Offered in collaboration with Evidence for Policy Design (EPoD) at the Center for International Development at Harvard University.
Leading up to the May 2015 session, EPoD asked for ideas to revolutionize financial inclusion. You can read the responses thus far or join the conversation on Twitter.
As part of the Financial Inclusion 20/20 campaign, the Center for Financial Inclusion has posted a series of articles capturing the day-to-day activities and insights gained from the perspective of participants in the 2014 session of Rethinking Financial Inclusion: Innovation for Policy and Practice.
Read the series of posts here: http://cfi-blog.org/tag/rethinking-financial-inclusion/
Despite three decades of innovation in financial services for the poor and an unprecedented global expansion in access, the potential of finance to reduce poverty, foster entrepreneurship and improve well-being has yet to be fully realized.
The challenge is to design financial products that meet the needs of low-income populations while ensuring the sustainability of financial providers. Government loans for the poor often meet with high default rates, while insurance products encounter very low take-up. Despite the promise and popularity of microfinance, recent studies have shown that the standard microloan fails to significantly reduce poverty and the most recent numbers show a first-ever decline in the number of microfinance borrowers globally. After decades of invention and investment in the sector, half the world’s adult population – and 77% of those living on less than $2 a day – still are without a single account with a formal financial institution.
Led by Harvard professors with years of experience in evaluating financial access initiatives, Rethinking Financial Inclusion
combines an evidence-based approach to understanding the market for finance and client needs with theoretical insights on how to design financial products to meet those needs. The executive program convenes leaders in the public, private, and nonprofit sectors to provide a conceptual framework for policy and product design, enabling participants to:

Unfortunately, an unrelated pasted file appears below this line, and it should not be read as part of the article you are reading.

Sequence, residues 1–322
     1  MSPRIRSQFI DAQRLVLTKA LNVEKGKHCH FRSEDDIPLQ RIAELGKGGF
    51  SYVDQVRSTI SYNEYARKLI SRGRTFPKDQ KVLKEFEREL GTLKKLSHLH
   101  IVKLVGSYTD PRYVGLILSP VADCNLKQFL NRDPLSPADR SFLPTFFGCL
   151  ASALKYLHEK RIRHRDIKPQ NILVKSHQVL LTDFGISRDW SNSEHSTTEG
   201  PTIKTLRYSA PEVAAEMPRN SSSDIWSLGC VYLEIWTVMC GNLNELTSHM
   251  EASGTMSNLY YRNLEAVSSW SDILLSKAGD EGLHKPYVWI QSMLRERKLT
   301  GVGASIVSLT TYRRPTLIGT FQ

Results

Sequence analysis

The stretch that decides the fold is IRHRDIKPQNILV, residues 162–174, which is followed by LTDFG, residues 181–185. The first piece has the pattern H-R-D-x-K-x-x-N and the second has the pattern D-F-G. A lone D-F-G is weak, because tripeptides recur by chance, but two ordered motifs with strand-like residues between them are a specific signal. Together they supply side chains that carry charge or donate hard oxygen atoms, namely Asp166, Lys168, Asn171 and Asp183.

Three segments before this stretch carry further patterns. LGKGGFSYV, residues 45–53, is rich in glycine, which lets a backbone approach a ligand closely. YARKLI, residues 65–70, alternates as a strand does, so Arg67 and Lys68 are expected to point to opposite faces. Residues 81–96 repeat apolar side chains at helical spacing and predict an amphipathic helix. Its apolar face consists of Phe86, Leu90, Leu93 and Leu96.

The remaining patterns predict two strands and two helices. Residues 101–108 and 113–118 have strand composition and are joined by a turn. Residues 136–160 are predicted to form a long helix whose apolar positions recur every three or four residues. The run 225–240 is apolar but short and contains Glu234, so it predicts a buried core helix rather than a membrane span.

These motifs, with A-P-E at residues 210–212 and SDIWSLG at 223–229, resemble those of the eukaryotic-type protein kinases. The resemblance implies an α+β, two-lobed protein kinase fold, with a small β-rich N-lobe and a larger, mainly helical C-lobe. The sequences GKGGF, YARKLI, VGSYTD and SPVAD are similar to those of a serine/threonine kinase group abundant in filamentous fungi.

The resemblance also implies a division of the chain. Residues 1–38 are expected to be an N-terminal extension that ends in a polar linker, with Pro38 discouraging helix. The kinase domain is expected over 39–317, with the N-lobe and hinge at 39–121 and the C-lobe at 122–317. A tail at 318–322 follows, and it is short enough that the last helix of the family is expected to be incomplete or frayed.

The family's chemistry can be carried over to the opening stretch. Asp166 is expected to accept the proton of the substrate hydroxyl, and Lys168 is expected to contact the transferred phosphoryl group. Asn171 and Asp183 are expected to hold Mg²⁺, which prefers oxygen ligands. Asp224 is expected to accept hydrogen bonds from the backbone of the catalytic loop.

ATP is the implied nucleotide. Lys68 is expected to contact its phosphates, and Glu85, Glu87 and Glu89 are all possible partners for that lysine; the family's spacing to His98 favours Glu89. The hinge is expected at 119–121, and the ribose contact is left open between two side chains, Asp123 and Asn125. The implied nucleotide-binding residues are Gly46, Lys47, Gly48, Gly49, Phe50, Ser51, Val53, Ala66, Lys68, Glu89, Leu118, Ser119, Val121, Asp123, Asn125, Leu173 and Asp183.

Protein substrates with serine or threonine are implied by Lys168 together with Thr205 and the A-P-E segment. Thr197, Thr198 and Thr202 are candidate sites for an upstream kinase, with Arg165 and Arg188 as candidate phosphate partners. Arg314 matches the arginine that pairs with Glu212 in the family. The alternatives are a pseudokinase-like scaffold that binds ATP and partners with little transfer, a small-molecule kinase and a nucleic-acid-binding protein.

- Deepen their understanding of household and small firm needs and behavioral issues related to financial decision-making
- Apply the latest evidence to effectively design financial services to meet client needs in low-income settings
- Analyze and evaluate the effectiveness of financial products
- Understand the opportunities and challenges posed by “big data” for both product design and regulation
- Balance the objectives and constraints of different actors, including clients, financial institutions, regulators and donors
- Use design principles and economic insights to devise regulatory policies that enhance the benefits of financial access for the poor
Rethinking Financial Inclusion features an evidence-based Smart Design framework to inform the design of financial products in low-income settings based on a keen understanding of both the client and the broader environment. Lectures and case studies will illuminate theory and evidence on key topics in financial access, while group sessions will enable participants to engage directly with the issues. Over the course of the week, groups will work together—in close collaboration with faculty—to develop solutions to real-world problems by applying the Smart Design framework and principles. Groups will be formed of diverse participants representing key market players—practitioners, donors, investors, and regulators. Lectures will be led by renowned Harvard faculty and established industry leaders who will provide insights from regulatory reforms and cutting edge research.